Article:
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On Transcendent Importance


 

Harper conisdered the question of war and peace of one of transcendent importance. Between October 1, 2002 and May 5, 2003, he spoke in the Commons on the issue of Iraq no less than thirty-seven times, more than on any other subject.

William Johnson, Stephen Harper and the Future of Canada, p.322.

And yet, for the one speech that really mattered, we are asked to believe…


 
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On Transcendent Importance

  1. One thing I’ll say about most of the plagiarized papers I’ve caught over years of teaching is that they are usually pretty bad to begin with. It’s not like the act of cheating takes an otherwise A paper and knocks it down to an F.

    I just don’t think the plagiarism dimension of this matters as much as the questionable position he held (which was clearly in line with Bush’s), and his subsequent deviance from his supposedly principled beliefs.

    Even more telling – to me as a voter – is the manner in which the “team” handled the issue yesterday. 1. Mock its importance. 2. Show the Liberals as “no better”. 3. Admit defeat and throw another staffer “on the barbie”.

    Policy aside, the pathological inability of these guys to take responsibility and address criticism is alarming, to say the least.

  2. You raise a good point, Andrew. The fact that he was speaking to a Bloc motion and the speechwriter was only given 48-hours notice aside, it shouldn’t have been a big surprise that a speech such as 20 March 2003 would be on the horizon.

    A little prep work, anyone?

  3. yawn. Has anyone named this Speechgate or anything yet? Because with the amount of media attention devoted to this silliness, you’d think someone would be calling for a independent investigation….

    Oh, by the way, do the Conservatives have a platform yet? Are the Greens any different than the Liberals? Have the NDP proposals been properly costed? Oh wait, that’s right, we’re only paying attention to this stupid BS!

  4. Important thing about Lippert is that he is not a foreign policy guy. It’s entirely possible that he and Howard’s speechwriter were working off of a template prepared by the White House Security Council staff under Condi Rice.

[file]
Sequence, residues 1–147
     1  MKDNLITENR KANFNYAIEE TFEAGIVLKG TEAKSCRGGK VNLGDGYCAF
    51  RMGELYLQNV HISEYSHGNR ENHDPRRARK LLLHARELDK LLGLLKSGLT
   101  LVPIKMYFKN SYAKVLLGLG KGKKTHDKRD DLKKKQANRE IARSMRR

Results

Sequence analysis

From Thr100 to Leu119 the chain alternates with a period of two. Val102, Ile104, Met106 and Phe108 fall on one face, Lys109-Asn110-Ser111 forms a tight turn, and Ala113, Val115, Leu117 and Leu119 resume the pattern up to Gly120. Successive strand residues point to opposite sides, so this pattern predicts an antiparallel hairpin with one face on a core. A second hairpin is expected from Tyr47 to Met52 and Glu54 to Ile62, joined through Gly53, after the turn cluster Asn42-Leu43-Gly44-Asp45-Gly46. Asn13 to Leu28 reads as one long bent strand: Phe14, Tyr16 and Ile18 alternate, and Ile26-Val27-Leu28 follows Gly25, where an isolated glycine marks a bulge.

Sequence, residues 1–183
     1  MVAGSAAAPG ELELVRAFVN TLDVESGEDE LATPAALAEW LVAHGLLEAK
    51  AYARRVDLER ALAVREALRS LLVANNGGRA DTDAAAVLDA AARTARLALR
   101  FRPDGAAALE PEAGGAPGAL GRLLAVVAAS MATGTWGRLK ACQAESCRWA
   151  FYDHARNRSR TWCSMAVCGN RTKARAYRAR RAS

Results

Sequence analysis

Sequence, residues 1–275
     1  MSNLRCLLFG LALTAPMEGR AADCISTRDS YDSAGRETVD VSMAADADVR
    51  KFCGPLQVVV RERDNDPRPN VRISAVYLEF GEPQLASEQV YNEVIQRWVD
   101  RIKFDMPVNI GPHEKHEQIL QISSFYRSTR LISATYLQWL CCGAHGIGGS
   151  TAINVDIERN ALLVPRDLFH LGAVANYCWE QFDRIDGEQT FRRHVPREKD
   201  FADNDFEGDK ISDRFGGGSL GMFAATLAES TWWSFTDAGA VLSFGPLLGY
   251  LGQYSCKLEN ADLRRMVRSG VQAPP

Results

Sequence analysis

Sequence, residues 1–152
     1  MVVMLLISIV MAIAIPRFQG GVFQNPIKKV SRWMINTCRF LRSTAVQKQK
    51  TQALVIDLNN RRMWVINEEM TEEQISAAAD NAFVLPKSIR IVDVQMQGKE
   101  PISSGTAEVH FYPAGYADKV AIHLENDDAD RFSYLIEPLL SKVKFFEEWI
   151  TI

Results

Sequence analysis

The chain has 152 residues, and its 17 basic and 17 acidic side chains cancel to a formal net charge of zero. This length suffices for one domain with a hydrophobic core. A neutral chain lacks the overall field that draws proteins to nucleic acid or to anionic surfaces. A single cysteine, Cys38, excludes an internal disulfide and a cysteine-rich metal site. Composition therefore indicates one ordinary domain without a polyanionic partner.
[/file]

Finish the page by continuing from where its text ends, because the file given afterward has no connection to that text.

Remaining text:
I’ll bet that there is a speech of Tony Blair with paras identical to Harper/Howard.

  5. Here is my take on this entire issue:

    One thing I’ll say about most of the plagiarized papers I’ve caught over years of teaching is that they are usually pretty bad to begin with. It’s not like the act of cheating takes an otherwise A paper and knocks it down to an F.

    I just don’t think the plagiarism dimension of this matters as much as the questionable position he held (which was clearly in line with Bush’s), and his subsequent deviance from his supposedly principled beliefs.

    Even more telling – to me as a voter – is the manner in which the “team” handled the issue yesterday. 1. Mock its importance. 2. Show the Liberals as “no better”. 3. Admit defeat and throw another staffer “on the barbie”.

    Policy aside, the pathological inability of these guys to take responsibility and address criticism is alarming, to say the least.

    And I swear that my highly paid blog commentor wrote this even if this looks like the previous comment from Sean S.

    It doesn’t matter anyway because I plan to respond to anyone who challenges my position at least an hour from now so why focus on the past.

  6. My hunch is that the template for these speeches came from the White House, in those desperate days as it struggled to put together the Coalition of the Willing. I recall that the Spanish prime minister, Jose Maria Aznar, made a remarkably similar speech in the Spanish parliament in the days just before the attack. It would be worth comparing the text with Howard/Harper. And is it likely that Harper would just have taken a ready-made text from a speechwriter without knowing something about its provenance? Not.

  7. Emmett wrote: “Oh wait, that’s right, we’re only paying attention to this stupid BS!”

    Actually, I agree with you. Which is why I spent most of my evening last Sunday reading a serious policy paper on Senate reform (supposedly one of Harper’s pet issues), and posting an extended blog entry on it. It drew about a dozen comments – I must have missed your contribution to the discussion.

  8. Haha. I did read it, as I read most Macleans’s blog posts (but only occasionally comment). And I didn’t intend to single you out as a culprit in the media’s obsession with largely-irrelevant controversies Andrew. Just venting!

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